Monday, May 7, 2012

Globular Cluster Photo Series (Part 18): M53

Today's picture (I'm slowly getting through the ones I have lying around) is the globular cluster Messier 53. M53 is a bit large as far as physical size goes, measuring about 220 light-years across, which gives it a visual diameter of 13.0 arcminutes at its estimated distance of a whopping 58,000 light-years from us. M53 is genuinely far out there, as it is also about 60,000 light-years from the galactic center, almost twice as far away from it as we are.

Messier 53 in Coma Berenices.

Like Messier 64 that I showcased yesterday, M53 is located in the constellation Coma Berenices, or Berenice's Hair, a small, faint constellation near Leo. According to legend, Queen Berenice II of Egypt had long, golden hair that she was quite proud of, and which she promised to sacrifice to Aphrodite if her husband King Ptolemy III Euergetes returned safely from his military expedition against the Seleucids. When he did so, she cut her hair and donated it to the temple, only for it to turn up missing the next morning. Thinking quickly, the court astronomer, a guy by the name of Conon of Samos, told the furious royal pair that the gods had apotheosized Berenice's hair into a constellation, indicating a misty patch of stars that have ever after borne that name. Interestingly, Ptolemy (the 2nd-century astronomer, not the king) did not include it in his definitive list of 48 recognized constellations, considering it part of Leo, though he did refer to is as “the lock [of hair]”. (He considered it to be the tuft of hair at the end of Leo's tail, which does make sense given its place in the sky.)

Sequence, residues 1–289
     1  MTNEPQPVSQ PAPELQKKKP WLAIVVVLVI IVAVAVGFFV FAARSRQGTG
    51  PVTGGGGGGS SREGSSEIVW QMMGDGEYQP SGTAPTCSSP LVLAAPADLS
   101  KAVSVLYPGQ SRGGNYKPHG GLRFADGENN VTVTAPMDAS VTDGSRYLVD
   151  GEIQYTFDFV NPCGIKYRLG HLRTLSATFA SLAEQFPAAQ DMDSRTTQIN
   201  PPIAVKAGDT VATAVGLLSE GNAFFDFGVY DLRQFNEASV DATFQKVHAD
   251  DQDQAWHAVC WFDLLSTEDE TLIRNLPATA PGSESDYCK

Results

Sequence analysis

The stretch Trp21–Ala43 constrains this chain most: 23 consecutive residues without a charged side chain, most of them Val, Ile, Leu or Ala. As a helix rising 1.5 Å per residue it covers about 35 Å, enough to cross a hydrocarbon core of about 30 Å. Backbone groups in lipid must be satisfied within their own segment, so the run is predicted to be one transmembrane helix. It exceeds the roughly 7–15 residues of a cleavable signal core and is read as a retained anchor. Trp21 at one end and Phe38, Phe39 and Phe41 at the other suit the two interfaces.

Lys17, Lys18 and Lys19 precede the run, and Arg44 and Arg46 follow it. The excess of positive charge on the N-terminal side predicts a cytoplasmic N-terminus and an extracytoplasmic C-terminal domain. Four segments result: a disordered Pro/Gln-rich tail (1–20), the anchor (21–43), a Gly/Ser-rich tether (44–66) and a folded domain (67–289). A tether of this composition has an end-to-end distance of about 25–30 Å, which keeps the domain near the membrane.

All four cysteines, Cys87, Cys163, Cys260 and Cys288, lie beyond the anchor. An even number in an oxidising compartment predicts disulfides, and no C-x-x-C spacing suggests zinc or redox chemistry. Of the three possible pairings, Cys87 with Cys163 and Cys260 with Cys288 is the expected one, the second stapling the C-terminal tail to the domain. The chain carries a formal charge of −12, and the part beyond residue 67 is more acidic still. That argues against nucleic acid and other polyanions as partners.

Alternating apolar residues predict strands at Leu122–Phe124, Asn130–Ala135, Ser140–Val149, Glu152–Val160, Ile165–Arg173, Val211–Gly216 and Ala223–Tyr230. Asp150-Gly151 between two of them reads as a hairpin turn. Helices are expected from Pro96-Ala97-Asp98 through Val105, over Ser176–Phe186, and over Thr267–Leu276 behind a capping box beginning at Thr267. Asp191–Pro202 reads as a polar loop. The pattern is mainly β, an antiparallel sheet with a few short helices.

M53 contains a total of 47 RR Lyrae variable stars, a not inconsiderable number. Its stars also happen to be even lower in elements heavier than hydrogen and helium than most other globular clusters, which are already much lower than stars like the Sun. And other than that, I'm afraid there really isn't much more of interest to write about it tonight. A hui hou!

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